Among those whom I have known, but one has rehearsed the scene of his own death, and that publicly. Such a scene was written by Laurence Housman as a suitable supplement to his Little Plajis of St Francis, for production at University College, London. Like Gilles de Rais, who used to play the part of Gilles de Rais in the Mystery of Orleans, Mr Housman undertook the role of himself upon his own death-bed. The example is surely inspiring; the experience couid not but be salutary. But I doubt if the reality has ever that forn-talised completeness which is so often found in fiction, film and drama. It is probably unwise, basing one’s plans upon such models, to assume that the family can be introduced severally for admonitions, blessings and curses. I, for one, cannot cut off my son with a shilling: I might manage the shiffing, but I have no son.
     And if I had a son I doubt very much whether he would be there on time to receive my final malediction. The only thing that can be counted on is one’s self; but with Heaven and Hell in the picture the stakes are surely high enough to satisfy even the most histrionic egoist.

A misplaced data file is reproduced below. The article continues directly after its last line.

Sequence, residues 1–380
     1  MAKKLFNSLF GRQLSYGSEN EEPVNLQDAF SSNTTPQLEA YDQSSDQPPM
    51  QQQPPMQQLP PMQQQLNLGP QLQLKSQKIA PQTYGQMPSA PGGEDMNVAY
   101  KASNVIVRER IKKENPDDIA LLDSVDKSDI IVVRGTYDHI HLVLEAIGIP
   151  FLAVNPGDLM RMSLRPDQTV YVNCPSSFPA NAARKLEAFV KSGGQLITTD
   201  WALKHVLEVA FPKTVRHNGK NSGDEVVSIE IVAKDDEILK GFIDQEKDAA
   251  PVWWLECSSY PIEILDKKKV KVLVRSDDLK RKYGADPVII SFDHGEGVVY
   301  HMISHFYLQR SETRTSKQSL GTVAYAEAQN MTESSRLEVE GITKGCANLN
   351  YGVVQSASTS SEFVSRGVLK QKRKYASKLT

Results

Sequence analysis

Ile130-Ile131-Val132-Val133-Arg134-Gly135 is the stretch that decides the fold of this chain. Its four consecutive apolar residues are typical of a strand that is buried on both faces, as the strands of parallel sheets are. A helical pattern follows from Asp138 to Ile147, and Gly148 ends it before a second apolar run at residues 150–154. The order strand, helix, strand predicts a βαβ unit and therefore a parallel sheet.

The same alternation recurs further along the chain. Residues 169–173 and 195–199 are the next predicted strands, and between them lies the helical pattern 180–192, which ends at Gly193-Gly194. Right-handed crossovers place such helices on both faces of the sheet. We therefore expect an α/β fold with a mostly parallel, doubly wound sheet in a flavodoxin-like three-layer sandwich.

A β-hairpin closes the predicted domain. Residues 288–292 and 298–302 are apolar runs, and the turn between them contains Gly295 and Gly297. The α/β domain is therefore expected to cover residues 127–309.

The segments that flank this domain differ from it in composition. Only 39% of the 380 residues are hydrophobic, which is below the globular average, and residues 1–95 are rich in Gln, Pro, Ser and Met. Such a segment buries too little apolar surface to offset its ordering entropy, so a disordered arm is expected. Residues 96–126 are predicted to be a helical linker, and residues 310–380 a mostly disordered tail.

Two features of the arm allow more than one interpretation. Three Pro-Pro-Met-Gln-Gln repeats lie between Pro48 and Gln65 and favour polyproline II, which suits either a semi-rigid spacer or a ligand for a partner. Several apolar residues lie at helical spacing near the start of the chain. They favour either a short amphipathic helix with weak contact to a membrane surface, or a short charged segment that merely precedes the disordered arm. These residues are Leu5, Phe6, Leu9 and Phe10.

So, whether we babble of green fields (the twenty-third psalm, surely?) or of beds for all who come, it is all one. The least of death is that which buzzed in the ears of Marlowe’s Edward II—
And tells me if I sleep I never wake—.
     This were a trifling matter, unworthy of the Muses. Lost beauty and lost love eclipse such death. The final, the pertinent query remains:
Is there night


And rest for human labours? Do not you
And all the world, as I do, out-stare Time,
And live, like funeral lamps, never extinguished?
The ejies of Heaven
See but their certain motions, and then sleep:
The rages of the ocean have their slumbers
And quiet silver calms; each violence
Crowns in his end a peace; but mj fixed fires
Shall never, never set.

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